The decision in April to transfer all doctors, nurses, drugs and equipment at the Government House Clinic in Kaduna (used by the Governor and other top officials) to Dantsoho Hospital in Tudun Wada (used by the public), effectively eradicated the culture of privilege in Kaduna’s public health system. Policies like this make Kaduna the pacesetter in healthcare reforms in Nigeria and worthy example for not just other states but also the federal government to emulate. Kaduna’s people-centric and cost saving government house clinic policy contrasts sharply against the federal government’s decision to allocate 2 billion for capital projects as the State House Clinic in Abuja, an amount which far exceeds the combined allocations for capital projects in all teaching hospitals in the country.
To reduce maternal and infant mortality rate in Kaduna State, the El-Rufai administration re-engaged 800 retired nurses and midwives after a gap analysis revealed huge personnel shortage. This move has boost service delivery at primary health centres across the state and made quality and affordable healthcare accessible to people at the grassroots.
In Kaduna State, pregnant women, children under five years and the elderly have access to free health services at state-owned facilities. To widen the net of coverage and ensure all residents of the state have access to healthcare without incurring out-of-pocket expenditure, the El-Rufai administration approved the establishment of a Contributory Health Scheme. Under the scheme, a pool of funds contributed by residents will be supplemented with funds from the state coffers and the federal government through the National Health Insurance Scheme.
Thus, the financial barriers to healthcare that often exclude the poor and vulnerable will be removed. The corruption that often trails bills payment and out-of-pocket expenditure by patients at government hospitals will also be completely eradicated. This contributory model of universal healthcare coverage has proven to be successful in more advanced economies and is also being considered by Lagos State.
In what could be considered a leap towards stronger primary healthcare services in rural communities in Kaduna State, the government signed a strategic partnership with UK Department for International Development and the Bill & Melinda Gates Foundation. The four-year partnership will no doubt transform the primary healthcare system in Kaduna State and advance ongoing efforts in polio eradication, routine immunisation, family planning and maternal and child health services.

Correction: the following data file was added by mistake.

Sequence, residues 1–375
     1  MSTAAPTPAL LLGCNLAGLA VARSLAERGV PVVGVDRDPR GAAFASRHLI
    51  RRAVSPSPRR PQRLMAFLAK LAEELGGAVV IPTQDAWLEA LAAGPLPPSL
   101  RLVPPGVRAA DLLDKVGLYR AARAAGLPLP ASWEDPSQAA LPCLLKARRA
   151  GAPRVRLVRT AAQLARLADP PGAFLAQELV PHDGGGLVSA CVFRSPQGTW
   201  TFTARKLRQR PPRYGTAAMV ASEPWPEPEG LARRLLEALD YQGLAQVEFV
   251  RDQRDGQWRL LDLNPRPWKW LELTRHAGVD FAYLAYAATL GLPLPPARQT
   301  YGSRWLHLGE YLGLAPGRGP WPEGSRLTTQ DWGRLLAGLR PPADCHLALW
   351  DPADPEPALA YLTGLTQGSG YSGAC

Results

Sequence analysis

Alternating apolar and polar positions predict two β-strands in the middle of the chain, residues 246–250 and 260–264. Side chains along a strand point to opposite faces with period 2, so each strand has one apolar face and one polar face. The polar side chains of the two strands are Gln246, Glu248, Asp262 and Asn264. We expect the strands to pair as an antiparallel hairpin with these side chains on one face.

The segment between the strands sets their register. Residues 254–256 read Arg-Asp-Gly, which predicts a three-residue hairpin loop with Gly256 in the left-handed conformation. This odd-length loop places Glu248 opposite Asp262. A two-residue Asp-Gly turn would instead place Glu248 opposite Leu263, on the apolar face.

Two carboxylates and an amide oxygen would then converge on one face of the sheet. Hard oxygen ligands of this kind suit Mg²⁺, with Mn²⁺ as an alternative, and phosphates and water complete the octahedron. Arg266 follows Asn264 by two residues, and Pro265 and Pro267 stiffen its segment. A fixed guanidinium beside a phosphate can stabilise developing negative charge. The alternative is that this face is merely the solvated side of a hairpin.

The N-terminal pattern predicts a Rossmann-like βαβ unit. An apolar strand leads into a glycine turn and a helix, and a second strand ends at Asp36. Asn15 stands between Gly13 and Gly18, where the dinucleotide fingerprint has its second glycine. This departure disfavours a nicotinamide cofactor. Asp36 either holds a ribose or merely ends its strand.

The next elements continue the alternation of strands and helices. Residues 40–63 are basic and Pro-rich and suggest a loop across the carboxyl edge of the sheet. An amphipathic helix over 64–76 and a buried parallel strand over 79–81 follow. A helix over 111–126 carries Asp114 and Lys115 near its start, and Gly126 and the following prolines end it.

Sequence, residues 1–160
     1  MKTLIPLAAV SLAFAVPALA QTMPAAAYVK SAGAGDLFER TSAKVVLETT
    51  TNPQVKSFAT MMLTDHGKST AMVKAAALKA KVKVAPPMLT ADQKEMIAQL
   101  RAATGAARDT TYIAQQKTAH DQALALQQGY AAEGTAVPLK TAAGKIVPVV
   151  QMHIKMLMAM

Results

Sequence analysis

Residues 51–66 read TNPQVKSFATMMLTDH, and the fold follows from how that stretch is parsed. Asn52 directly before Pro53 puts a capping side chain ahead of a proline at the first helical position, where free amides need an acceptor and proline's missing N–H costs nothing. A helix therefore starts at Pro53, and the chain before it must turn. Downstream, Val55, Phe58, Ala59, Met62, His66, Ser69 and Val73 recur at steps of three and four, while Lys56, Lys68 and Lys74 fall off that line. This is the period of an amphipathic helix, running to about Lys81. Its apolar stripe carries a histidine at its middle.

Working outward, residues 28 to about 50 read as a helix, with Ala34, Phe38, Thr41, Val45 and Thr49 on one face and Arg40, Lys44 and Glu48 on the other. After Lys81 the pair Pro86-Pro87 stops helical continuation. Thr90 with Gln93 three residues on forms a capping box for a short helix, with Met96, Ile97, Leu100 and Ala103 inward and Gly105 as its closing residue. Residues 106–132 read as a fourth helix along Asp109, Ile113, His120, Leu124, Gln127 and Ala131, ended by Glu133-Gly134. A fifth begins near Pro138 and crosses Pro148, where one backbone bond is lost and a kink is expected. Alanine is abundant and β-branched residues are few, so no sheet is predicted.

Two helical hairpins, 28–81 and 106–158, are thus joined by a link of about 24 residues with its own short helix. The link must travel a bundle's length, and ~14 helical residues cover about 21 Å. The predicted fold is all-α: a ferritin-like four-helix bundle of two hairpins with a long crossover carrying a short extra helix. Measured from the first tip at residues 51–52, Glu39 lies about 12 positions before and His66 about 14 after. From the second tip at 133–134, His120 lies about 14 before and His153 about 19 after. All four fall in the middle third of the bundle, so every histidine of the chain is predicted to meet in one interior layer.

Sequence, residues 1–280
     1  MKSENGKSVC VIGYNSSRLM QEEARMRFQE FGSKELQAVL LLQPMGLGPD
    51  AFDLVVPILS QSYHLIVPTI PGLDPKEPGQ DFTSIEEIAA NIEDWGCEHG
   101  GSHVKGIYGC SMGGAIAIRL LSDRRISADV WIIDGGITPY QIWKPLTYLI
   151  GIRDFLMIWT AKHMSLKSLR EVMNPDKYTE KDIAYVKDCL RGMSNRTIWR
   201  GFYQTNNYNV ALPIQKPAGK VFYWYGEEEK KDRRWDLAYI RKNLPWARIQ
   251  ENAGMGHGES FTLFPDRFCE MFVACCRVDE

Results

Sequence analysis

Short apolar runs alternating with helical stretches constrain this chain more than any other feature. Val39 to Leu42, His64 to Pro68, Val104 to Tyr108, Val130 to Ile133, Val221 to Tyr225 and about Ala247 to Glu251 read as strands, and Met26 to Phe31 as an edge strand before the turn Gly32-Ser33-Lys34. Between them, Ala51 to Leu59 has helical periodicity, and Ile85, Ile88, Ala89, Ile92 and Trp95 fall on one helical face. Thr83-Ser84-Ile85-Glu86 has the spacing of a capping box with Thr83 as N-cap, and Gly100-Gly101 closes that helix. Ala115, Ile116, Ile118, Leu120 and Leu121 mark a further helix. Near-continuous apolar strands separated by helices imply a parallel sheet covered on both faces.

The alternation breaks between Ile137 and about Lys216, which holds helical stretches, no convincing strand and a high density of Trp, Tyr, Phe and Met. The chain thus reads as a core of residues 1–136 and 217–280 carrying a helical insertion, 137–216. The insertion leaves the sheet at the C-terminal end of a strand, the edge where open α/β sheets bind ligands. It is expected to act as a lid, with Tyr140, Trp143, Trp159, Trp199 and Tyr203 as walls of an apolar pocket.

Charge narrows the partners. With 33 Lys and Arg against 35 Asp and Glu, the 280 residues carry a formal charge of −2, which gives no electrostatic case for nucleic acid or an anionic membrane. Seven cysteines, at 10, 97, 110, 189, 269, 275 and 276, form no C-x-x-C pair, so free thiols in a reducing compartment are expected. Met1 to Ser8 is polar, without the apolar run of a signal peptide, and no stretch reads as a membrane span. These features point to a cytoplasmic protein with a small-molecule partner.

The biggest ever refit of public healthcare infrastructure in Kaduna State is the recent partnership agreement signed with global corporate giant, General Electric. Under the agreement, 278 healthcare facilities in Kaduna State will be equipped and units of relevant medical technology including ultrasound, heart monitors, neonatal incubators and anaesthesia machines will be made available to medical professionals into the hands of our health workers.
The partnership, which includes a training package for the healthcare professionals and a three-year equipment maintenance agreement, is poised to deliver a comprehensive solution to the healthcare challenges in the state, including maternal and infant mortality, communicable illnesses and the problems caused by the growth of chronic conditions like diabetes, heart disease and cancer.
Governments at state and federal levels in Nigeria often focus on projects as a vehicle for healthcare delivery. As such, emphasis is placed solely on building hospitals, even when such are not properly equipped and capacity gaps are not bridged. This explains why major health indices in Nigeria remain poor despite billions budgeted annually for health, in addition to donations from international organisations.
The Kaduna State approach of blending sound policies with strategic partnerships to birth meaningful projects is on course to deliver at least one refitted hospital in each of the 255 wards in the state. This is in addition to 23 well equipped and staffed general hospitals. With all these in place, all residents of Kaduna are assured of comprehensive and affordable healthcare coverage for the years ahead.
This innovative approach should no doubt be a model for other states desirous of accelerated development in healthcare services.
Mr. Ibrahim Jato, a public finance expert, wrote, Kaduna, Kaduna State.